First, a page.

COMPANY GAME PROJECT
We start with very simple, yet vital things. Students are offered to start up their virtual companies right in the first class. They split into three or four teams – three or four members in each. Their companies need a name, a line of business to work in, a product or service to offer, a slogan, and a logo to be associated with and recognised by. At the same time the companies should be introduced. First, they practise the basics (greetings, small talk, etc.) and then practise introducing themselves and their companies at the Investor Party.
The next step is writing letters, memos, and e-mails. First, students study letter writing and then write and exchange letters between their companies. Nicely laid out, with correct style and all that on the letterhead paper they’ve created themselves for their companies.
Next comes the subject of telephone conversations. Here students get down to the techniques of making and receiving telephone calls, making arrangements, taking and leaving messages. Afterwards, as a project stage, they make orders on the phone and confirm orders by email based on the letters they wrote at the second stage and personal contacts they made at the party (Project Stage I – Investor Party).
Students also have to learn how to speak about their company’s history, current developments and so on. They first see how it’s done and then they develop their companies’ story of success, current development and structure description. And we make it fun by asking students to create their virtual companies’ web sites to present all this information in a visual format.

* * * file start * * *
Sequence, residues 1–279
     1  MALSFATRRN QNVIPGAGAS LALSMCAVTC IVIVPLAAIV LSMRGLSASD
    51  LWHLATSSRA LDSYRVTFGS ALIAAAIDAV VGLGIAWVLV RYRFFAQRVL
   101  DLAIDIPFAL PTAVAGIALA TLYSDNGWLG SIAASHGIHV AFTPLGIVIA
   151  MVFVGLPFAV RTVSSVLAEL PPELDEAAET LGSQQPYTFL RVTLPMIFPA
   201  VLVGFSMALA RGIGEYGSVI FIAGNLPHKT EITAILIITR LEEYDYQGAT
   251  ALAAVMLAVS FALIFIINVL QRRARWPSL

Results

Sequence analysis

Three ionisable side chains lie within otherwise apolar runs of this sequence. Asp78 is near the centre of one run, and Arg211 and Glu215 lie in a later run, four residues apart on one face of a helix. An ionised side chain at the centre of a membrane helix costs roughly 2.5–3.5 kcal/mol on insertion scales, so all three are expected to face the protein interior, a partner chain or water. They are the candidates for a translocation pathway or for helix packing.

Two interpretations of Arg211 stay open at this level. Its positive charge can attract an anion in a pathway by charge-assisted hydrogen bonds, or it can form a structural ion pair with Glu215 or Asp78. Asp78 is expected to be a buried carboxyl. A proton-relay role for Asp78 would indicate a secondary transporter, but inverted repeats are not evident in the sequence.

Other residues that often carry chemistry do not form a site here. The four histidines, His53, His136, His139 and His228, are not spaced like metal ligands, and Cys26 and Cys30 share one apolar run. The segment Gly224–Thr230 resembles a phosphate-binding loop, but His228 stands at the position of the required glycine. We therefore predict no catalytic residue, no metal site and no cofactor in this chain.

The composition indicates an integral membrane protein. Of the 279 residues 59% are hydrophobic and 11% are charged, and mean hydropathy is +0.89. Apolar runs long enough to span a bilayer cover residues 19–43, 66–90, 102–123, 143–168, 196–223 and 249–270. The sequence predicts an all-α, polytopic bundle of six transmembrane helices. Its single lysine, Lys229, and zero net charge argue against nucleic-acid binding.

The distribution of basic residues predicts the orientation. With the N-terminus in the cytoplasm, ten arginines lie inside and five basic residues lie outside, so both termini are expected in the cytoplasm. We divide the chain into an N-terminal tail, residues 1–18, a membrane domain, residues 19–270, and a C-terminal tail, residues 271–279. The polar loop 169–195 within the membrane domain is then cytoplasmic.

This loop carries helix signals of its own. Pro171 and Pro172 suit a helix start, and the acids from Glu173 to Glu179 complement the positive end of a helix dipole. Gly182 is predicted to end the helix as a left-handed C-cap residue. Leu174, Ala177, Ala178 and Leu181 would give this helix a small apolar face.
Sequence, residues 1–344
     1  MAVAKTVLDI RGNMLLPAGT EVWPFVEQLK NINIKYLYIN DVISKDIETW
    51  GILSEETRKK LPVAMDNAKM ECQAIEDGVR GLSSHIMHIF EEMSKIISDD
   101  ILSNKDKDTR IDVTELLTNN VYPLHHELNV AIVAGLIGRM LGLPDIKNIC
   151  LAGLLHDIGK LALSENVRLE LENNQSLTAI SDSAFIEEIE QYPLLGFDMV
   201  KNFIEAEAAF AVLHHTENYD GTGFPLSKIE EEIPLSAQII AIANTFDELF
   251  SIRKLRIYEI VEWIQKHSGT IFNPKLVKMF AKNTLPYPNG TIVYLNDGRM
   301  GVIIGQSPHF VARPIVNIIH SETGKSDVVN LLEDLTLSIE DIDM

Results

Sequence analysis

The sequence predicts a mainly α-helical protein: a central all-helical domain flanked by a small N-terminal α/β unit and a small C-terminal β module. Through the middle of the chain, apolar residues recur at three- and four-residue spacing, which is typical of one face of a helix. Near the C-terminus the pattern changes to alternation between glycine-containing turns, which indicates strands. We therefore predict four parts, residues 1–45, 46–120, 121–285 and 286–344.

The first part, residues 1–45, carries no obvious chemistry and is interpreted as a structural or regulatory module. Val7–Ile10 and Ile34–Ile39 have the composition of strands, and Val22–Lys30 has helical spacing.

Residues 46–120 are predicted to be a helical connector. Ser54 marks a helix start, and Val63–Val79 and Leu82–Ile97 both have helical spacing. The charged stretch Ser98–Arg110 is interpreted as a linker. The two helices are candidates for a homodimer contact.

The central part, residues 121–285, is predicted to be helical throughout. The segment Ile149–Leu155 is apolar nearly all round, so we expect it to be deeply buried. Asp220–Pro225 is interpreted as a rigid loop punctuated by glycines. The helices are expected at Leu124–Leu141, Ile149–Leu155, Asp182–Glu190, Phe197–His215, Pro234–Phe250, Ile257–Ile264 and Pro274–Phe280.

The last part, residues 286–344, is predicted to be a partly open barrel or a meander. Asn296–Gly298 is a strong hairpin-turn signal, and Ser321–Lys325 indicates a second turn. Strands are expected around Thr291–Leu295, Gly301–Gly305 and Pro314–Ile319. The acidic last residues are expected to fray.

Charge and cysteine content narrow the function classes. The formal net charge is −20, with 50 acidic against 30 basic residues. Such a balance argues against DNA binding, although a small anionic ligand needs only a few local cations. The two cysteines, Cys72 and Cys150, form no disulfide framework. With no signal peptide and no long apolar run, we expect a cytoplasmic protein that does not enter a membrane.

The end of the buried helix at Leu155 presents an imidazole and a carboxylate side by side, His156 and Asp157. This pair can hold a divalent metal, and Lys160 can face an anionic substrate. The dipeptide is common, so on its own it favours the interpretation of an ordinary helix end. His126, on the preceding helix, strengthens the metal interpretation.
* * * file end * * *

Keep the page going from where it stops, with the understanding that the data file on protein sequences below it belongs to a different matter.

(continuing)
The final product of Part I of the Project stage is a company presentation. Students learn how to structure, prepare, lay out and present the material correctly, how to fight stage fright and make effective use of visual aids, and how to attract and hold their listeners’ attention. Then they make their public presentation competing for the Best Presentation Award and make videos of their presentations to watch and reflect later.
Here’s the Company Game Plan for the first part of the Project:
Before the project, students also get the TOR with the requirements to the Portfolio for the project they’ll be implementing:
But then not everything may go smoothly in a company. And they have to make cut-backs, laying off some staff, and advertise for, interview and employ some other people. Their businesses may expand or may be taken over by other companies – this all happens in Part II of the Company Game, which I will describe a bit later.
I love these sorts of projects/simulations! They’ve resulted in some of my favourite lessons. Delighted to see the ideas being shared here.
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Thank you, Vicki! That means a lot, coming from you. Always enjoyed your coursebooks with a touch of “game”…a great example of doing the right things right:)